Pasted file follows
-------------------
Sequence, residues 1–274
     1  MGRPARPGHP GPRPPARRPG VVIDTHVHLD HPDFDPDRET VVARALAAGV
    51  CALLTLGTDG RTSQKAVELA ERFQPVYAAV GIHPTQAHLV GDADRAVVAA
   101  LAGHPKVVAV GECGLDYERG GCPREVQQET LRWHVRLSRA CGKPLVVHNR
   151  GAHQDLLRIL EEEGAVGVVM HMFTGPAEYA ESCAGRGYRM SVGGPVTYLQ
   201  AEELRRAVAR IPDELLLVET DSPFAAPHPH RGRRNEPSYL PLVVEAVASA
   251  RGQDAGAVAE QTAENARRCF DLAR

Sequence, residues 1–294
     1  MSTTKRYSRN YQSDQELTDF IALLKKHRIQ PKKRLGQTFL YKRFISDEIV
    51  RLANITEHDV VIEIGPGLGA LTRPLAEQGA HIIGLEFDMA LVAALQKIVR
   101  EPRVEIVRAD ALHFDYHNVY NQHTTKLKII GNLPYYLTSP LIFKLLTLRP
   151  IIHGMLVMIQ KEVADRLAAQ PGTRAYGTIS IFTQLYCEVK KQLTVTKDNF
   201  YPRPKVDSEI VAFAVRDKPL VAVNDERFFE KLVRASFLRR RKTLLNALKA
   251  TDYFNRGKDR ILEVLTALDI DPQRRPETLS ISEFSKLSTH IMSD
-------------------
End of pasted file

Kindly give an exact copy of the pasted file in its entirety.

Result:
Sequence, residues 1–274
     1  MGRPARPGHP GPRPPARRPG VVIDTHVHLD HPDFDPDRET VVARALAAGV
    51  CALLTLGTDG RTSQKAVELA ERFQPVYAAV GIHPTQAHLV GDADRAVVAA
   101  LAGHPKVVAV GECGLDYERG GCPREVQQET LRWHVRLSRA CGKPLVVHNR
   151  GAHQDLLRIL EEEGAVGVVM HMFTGPAEYA ESCAGRGYRM SVGGPVTYLQ
   201  AEELRRAVAR IPDELLLVET DSPFAAPHPH RGRRNEPSYL PLVVEAVASA
   251  RGQDAGAVAE QTAENARRCF DLAR

Sequence, residues 1–294
     1  MSTTKRYSRN YQSDQELTDF IALLKKHRIQ PKKRLGQTFL YKRFISDEIV
    51  RLANITEHDV VIEIGPGLGA LTRPLAEQGA HIIGLEFDMA LVAALQKIVR
   101  EPRVEIVRAD ALHFDYHNVY NQHTTKLKII GNLPYYLTSP LIFKLLTLRP
   151  IIHGMLVMIQ KEVADRLAAQ PGTRAYGTIS IFTQLYCEVK KQLTVTKDNF
   201  YPRPKVDSEI VAFAVRDKPL VAVNDERFFE KLVRASFLRR RKTLLNALKA
   251  TDYFNRGKDR ILEVLTALDI DPQRRPETLS ISEFSKLSTH IMSD